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13 minutes ago, Cebus Capucinis said:

That's crazy! So was BASICODE essentially standardized across all hardware then, or were there stragglers? I suspect it was much less than in the US, for example, where just about every system had its own BASIC that wasn't fully interchangeable.


When you say the code was on a 45 RPM, do you mean there was some sort of interface to use it, or was it just narration or something? My brain for some reason can't wrap around the idea of it being on vinyl!

East German computers had many hardware differences even among the ones using Z-80 clone chips. The BASICs also differed. This made a nationwide programming course difficult. BASICODE had a common cassette format that was used by the radio broadcasts of course work. In turn, that allowed disparate systems to exchange cassettes.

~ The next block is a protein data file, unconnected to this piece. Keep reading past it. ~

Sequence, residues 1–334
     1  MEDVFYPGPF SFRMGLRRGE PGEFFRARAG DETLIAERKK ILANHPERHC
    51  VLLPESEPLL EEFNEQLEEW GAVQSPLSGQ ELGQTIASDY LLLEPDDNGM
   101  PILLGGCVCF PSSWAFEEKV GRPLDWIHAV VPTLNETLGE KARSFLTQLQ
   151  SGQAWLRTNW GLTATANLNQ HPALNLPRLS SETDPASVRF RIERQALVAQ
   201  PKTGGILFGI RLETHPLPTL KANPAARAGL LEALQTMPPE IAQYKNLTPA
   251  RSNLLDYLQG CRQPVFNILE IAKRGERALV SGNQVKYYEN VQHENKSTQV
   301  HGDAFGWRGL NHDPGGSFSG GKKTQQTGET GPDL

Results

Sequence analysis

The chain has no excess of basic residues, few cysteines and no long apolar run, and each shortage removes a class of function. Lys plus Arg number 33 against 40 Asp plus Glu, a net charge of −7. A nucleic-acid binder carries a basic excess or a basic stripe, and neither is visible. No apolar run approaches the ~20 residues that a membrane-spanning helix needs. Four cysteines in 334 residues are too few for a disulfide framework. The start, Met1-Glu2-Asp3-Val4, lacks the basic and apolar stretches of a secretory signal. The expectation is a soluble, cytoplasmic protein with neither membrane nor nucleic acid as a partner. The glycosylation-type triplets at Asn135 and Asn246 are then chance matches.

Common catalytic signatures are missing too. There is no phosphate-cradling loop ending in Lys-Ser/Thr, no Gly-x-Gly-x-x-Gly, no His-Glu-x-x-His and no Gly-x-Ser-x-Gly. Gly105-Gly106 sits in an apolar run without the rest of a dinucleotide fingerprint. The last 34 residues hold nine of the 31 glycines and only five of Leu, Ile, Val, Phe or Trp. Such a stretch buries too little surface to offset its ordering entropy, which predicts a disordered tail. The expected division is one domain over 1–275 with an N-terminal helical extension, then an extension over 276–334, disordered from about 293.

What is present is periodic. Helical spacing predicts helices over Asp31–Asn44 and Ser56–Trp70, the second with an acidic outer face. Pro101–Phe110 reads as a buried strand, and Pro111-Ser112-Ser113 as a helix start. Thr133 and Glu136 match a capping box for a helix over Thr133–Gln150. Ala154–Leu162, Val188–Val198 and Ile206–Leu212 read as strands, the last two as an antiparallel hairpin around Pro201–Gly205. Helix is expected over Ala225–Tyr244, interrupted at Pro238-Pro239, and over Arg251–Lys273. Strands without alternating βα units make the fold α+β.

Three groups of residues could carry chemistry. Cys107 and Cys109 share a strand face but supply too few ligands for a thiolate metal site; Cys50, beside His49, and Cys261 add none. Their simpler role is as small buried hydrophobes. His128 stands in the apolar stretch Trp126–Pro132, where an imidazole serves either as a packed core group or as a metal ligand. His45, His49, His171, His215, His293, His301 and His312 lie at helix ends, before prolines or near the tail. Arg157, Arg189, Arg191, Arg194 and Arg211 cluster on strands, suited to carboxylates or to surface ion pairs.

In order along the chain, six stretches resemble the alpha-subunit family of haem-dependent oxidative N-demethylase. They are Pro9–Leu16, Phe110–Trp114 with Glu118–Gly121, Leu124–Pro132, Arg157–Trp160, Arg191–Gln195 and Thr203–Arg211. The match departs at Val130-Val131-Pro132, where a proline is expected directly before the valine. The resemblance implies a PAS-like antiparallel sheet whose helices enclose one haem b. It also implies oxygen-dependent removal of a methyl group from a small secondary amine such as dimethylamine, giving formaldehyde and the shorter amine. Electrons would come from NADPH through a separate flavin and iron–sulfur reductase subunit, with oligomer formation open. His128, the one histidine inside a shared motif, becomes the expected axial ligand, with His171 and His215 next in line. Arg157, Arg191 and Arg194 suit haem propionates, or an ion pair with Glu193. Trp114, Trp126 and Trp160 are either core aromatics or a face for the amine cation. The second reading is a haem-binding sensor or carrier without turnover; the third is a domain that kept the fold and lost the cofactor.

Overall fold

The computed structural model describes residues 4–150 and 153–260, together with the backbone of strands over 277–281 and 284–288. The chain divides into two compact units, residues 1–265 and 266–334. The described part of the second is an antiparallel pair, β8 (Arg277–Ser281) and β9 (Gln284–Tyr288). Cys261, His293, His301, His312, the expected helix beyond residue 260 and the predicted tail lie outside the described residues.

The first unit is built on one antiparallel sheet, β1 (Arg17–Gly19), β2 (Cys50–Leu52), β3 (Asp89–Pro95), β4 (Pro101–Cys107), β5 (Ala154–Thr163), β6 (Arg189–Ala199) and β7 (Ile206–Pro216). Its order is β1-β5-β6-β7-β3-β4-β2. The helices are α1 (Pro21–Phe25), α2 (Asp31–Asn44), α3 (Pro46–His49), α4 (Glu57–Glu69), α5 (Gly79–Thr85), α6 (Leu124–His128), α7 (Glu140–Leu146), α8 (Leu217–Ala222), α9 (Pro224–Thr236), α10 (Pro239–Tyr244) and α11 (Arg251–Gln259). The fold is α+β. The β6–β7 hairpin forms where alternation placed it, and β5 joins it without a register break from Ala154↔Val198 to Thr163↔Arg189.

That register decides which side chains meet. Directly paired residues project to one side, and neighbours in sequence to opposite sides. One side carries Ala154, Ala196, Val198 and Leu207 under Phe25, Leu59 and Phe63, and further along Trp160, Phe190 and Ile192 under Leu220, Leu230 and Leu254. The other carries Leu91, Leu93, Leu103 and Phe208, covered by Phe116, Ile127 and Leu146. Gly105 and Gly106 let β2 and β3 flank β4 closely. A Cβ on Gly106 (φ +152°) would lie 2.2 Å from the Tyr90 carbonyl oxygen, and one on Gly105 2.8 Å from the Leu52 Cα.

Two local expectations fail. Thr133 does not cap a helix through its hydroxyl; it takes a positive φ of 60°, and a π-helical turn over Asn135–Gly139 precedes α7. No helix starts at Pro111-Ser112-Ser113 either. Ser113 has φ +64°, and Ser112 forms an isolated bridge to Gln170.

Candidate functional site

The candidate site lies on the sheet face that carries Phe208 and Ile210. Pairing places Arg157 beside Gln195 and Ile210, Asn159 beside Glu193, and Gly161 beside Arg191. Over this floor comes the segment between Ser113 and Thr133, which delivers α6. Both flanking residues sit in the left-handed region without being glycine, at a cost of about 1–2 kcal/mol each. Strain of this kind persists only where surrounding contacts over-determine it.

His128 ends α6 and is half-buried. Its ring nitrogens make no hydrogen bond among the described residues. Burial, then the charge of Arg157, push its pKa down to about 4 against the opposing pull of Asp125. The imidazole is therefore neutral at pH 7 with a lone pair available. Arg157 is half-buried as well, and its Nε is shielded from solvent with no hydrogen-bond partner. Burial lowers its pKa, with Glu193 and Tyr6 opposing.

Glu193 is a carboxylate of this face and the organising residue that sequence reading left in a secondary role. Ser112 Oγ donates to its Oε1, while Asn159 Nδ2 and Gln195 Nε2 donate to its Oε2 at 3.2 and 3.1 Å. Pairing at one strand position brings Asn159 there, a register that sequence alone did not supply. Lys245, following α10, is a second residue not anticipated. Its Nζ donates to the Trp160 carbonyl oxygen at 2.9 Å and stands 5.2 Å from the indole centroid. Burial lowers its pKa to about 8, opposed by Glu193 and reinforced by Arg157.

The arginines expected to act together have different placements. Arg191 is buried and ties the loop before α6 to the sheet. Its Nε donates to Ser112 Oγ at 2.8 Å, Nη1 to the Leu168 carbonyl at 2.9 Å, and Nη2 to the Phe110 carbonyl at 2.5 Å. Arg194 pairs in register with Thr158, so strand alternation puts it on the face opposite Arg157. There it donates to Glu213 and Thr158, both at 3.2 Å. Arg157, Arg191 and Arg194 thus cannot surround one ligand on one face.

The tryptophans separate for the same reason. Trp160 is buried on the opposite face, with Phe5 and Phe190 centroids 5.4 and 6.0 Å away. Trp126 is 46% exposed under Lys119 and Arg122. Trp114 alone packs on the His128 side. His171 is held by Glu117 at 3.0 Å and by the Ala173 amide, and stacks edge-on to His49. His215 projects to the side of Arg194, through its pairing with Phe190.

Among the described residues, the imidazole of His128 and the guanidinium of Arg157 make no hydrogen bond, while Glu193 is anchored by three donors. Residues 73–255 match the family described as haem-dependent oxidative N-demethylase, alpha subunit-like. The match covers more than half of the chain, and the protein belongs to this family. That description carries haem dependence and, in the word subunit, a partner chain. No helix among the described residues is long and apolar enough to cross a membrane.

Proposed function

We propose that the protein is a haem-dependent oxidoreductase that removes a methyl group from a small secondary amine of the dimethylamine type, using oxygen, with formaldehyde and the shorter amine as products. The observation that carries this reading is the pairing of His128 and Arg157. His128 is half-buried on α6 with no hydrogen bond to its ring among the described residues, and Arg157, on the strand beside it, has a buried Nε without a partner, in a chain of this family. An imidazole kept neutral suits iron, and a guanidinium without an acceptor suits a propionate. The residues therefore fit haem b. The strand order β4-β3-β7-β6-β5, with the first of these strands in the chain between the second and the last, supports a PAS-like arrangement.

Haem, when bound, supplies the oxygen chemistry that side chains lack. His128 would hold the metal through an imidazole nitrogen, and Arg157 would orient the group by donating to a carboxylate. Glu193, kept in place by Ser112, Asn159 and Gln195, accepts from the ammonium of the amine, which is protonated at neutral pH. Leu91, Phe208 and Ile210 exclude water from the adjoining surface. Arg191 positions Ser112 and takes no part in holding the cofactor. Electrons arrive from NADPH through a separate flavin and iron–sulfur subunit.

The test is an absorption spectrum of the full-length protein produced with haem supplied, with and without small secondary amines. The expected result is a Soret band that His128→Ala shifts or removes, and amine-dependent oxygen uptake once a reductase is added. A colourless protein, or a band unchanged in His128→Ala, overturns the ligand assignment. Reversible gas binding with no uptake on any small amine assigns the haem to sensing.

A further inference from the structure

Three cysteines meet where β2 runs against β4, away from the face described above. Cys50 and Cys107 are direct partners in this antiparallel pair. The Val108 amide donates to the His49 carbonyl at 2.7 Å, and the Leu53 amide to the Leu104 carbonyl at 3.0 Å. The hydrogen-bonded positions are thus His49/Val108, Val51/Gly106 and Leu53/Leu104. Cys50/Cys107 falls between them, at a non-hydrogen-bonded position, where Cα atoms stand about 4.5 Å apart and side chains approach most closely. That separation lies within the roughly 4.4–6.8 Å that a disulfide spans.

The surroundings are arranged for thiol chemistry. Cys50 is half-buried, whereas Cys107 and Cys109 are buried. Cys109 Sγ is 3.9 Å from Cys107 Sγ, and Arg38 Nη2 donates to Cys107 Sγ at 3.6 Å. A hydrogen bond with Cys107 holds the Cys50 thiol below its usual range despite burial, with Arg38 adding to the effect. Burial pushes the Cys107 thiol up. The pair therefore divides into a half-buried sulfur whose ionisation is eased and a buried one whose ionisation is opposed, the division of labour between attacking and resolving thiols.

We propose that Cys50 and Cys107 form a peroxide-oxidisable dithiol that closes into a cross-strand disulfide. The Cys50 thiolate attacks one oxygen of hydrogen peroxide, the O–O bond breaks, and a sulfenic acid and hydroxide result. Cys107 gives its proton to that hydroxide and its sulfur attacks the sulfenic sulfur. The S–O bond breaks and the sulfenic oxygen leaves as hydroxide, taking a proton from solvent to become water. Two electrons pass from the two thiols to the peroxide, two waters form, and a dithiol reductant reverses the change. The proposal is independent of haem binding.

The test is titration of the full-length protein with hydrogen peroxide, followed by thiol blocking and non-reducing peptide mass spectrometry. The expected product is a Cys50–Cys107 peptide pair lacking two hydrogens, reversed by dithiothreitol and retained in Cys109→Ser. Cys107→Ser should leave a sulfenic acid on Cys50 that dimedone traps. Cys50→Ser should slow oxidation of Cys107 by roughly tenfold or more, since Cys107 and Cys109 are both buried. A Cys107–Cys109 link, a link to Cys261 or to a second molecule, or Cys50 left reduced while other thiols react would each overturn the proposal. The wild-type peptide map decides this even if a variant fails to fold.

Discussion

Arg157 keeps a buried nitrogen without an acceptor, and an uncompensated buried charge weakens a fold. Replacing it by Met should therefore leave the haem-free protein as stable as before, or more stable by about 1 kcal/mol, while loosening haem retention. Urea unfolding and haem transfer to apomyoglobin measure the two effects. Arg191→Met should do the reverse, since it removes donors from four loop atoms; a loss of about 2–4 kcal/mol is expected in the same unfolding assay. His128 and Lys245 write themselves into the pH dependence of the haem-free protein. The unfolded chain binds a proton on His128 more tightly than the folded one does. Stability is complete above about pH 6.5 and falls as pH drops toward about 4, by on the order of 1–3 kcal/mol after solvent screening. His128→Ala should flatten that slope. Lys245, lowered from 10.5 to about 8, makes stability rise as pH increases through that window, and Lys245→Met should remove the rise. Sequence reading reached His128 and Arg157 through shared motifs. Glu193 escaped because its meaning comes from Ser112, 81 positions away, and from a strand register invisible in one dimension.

The second part of BASICODE was a set of BASIC routines that made the various BASICs run the same code in the same way. BASICODE's routines were a bit large. The IBM PC version needed 8K to cover the full range of functions including color graphics. The Z-80 versions were smaller but that was still pushing the limits of what could be done with line number BASICs. BASICODE graphic routines were also slow; the one program I converted needed 3 times as long to draw the same graphic. 


The record was a standard 45 RPM record with the same audio that would be on a cassette. Hook the player to the cassette input on the computer and load the software. There were cassette import/export routines for about a dozen systems plus the adaption library for each system's BASIC. 

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14 minutes ago, Cebus Capucinis said:

Cool! Thanks! That was my next question, whether there was a custom interface or whether it just used the cassette input!